Today’s Wonder of the Day was inspired by Libby from Boomer. Libby Wonders, “Why is soda fizzy?” Thanks for WONDERing with us, Libby !
Have you ever been trapped in the back seat of the family car on a long road trip? Your repeated cries of "Are we there yet?" fall on deaf ears. You read. You stare out the window. You draw pictures. You nap.
Finally, you feel the car begin to slow. You look up and realize that you're pulling into a gas station for a fill-up. Yes! Even though it's just a run-of-the-mill convenience store, it looks like an oasis to your tired eyes.
You're parched from your long journey, and you know there's only one way to quench your thirst. You run inside and search frantically for that colorful dispenser of bubbly beverages: the soda fountain!
You grab a cup and think, "Will 32 ounces be enough?" You press its edge against the ice dispenser. Frozen nuggets of water cascade into your cup and ricochet off its sides. Then you press the cup's edge against the tab underneath the beverage of your choice (root beer!) and watch as a fantastic fountain of frothy refreshment fills your cup all the way to the rim.
As you enjoy your root beer, you begin to WONDER about the soda fountain. How does it work? Could it be magic? Is the root beer you're drinking any different from the kind in the cans and bottles in the store's coolers?
The secret to sodas is the science of carbonation. Flavor and sweeteners are mixed with carbonated water to give sodas their bubbles and that tangy bite that soda drinkers love.
Carbonated water is water that has been supersaturated with carbon dioxide gas. Carbon dioxide and water don't like to mix, so it took quite a while to figure out how to make carbonated water.
Eventually, people figured out that the two keys to making carbonated water were pressure and temperature. If you mix carbon dioxide with very cold water in a pressurized environment, the two will combine to make carbonated water. Johann Jacob Schweppe was one of the first to figure this out way back in 1783 when he invented a hand-cranked carbonator.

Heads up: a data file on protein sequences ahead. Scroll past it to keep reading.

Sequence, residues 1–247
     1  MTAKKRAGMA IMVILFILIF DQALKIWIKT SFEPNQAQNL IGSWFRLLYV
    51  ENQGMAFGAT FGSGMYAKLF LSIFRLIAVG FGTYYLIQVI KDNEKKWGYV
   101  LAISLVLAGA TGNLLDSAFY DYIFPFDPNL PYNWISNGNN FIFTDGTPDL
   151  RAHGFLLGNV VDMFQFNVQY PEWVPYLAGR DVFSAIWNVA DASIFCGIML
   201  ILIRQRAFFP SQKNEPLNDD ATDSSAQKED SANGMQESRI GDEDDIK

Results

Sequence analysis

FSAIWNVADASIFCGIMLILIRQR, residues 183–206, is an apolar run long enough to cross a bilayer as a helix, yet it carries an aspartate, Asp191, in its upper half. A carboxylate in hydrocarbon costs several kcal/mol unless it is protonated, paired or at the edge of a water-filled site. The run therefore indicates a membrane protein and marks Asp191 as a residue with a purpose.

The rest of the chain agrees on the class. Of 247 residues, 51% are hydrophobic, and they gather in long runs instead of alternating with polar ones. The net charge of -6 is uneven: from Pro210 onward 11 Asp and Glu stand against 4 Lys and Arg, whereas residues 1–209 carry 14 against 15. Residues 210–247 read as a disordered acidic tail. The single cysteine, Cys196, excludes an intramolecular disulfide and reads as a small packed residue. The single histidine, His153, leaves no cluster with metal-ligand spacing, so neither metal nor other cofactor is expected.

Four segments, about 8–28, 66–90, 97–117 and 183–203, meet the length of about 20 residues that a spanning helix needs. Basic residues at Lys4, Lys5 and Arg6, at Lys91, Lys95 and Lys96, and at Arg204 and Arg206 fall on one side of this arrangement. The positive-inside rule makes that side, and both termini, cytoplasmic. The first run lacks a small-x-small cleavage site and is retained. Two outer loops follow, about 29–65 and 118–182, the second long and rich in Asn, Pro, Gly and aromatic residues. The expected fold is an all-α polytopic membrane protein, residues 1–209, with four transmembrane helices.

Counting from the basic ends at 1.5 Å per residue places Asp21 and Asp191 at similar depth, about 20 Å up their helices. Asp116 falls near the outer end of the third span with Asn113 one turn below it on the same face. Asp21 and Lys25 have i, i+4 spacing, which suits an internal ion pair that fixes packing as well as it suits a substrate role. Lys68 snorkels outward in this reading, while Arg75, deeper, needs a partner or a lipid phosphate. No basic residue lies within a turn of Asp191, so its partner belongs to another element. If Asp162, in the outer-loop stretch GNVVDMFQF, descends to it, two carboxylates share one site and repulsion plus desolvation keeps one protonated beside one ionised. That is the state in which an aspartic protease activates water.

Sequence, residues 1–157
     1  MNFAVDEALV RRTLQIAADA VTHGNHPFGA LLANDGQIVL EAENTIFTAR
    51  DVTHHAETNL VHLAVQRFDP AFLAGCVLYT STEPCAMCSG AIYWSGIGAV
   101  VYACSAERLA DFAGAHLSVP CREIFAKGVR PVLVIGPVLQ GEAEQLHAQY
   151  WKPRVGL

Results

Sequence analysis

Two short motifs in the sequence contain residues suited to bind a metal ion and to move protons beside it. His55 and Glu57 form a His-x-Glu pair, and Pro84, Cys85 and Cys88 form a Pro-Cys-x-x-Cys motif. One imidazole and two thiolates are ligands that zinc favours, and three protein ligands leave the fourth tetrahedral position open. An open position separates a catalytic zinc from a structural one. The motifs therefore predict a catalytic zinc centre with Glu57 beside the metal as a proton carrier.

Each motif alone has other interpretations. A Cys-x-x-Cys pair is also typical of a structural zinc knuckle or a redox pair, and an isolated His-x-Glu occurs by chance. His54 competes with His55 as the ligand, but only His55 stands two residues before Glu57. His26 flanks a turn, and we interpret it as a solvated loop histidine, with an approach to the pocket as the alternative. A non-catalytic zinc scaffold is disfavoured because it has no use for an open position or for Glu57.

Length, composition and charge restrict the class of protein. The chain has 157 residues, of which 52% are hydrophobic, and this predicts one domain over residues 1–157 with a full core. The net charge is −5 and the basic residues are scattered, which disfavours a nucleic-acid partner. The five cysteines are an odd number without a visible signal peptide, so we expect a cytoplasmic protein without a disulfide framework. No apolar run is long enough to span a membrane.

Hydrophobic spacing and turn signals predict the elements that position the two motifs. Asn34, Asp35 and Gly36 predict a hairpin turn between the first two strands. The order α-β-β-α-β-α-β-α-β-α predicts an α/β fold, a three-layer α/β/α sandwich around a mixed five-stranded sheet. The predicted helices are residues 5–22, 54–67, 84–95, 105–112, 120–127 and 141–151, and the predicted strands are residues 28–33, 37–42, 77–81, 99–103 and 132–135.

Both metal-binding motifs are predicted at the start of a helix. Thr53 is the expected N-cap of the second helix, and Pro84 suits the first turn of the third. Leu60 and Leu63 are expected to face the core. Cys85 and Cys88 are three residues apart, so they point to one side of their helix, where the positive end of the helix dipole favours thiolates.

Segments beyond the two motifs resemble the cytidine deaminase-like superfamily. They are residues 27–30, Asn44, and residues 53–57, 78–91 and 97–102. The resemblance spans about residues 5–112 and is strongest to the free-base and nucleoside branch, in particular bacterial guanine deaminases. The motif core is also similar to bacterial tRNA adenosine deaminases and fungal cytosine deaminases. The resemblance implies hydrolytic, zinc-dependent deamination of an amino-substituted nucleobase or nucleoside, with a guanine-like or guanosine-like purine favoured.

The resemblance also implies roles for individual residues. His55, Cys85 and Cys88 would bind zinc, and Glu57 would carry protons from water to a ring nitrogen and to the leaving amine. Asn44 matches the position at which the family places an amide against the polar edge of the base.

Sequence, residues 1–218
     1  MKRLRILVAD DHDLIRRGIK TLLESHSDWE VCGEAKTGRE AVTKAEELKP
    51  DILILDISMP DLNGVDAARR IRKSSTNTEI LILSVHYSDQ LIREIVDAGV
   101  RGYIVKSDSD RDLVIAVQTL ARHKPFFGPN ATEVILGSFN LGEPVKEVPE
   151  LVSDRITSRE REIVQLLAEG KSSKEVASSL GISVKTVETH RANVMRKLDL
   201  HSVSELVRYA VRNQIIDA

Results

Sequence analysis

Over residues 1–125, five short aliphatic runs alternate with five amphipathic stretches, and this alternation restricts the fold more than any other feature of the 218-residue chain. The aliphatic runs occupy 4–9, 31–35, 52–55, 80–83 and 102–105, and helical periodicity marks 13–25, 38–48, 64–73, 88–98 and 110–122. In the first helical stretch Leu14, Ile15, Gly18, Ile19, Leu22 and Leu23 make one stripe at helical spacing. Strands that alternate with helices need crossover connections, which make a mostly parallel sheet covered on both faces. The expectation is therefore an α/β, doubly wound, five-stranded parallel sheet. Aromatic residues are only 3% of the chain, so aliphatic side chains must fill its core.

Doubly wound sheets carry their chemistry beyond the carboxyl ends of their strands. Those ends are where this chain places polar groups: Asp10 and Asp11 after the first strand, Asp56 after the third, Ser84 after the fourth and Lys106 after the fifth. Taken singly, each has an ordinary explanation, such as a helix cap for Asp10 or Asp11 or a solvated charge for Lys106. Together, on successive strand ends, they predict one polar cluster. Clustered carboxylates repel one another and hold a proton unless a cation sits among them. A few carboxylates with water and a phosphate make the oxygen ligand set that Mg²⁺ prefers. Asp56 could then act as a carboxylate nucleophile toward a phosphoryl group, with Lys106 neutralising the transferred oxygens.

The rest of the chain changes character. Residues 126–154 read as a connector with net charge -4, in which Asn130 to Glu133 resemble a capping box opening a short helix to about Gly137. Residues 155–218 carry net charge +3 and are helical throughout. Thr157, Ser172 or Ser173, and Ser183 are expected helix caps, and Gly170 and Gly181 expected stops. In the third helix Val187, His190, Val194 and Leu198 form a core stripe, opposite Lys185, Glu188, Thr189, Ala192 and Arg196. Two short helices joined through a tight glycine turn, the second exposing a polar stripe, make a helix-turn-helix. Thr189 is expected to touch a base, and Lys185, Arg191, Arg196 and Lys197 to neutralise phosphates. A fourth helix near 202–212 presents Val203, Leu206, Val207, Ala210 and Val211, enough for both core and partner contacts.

Today, modern machines are able to make carbonated water much more quickly and efficiently. When bottles and cans of soda are produced, the ingredients are mixed with carbonated water and then sealed under pressure.
When a can or bottle is opened, the pressure is released, which allows the carbon dioxide to come out of solution in the form of fizzing bubbles. When the carbon dioxide mixes with water, it also forms small amounts of carbonic acid, which gives sodas their unique and tangy bite that fans of soda love.
The soda you get from a fountain is made on-the-fly when you press the dispenser tab. A pressurized carbon dioxide tank and a water pump send pressurized carbon dioxide gas and cold water to a carbonator, where it's mixed and the gas dissolves into the water.
When you press the rim of your cup against a dispenser tab, the carbonator releases carbonated water while, at the same time, a separate pump mixes in flavored syrup to create the drink you want. The latest soda fountains, such as the Coca-Cola Freestyle machine, can mix fruit flavors with soda flavors to create hundreds of possible soda combinations.
The ratio of syrup to carbonated water is carefully controlled by the soda fountain, but these settings can vary from place to place. That's why a soda from a soda fountain may taste slightly different from a bottled or canned soda. Whether you prefer soda from a can, a bottle, or a soda fountain is a matter of personal taste, but there will always be fans of the super-bubbly soda fountain!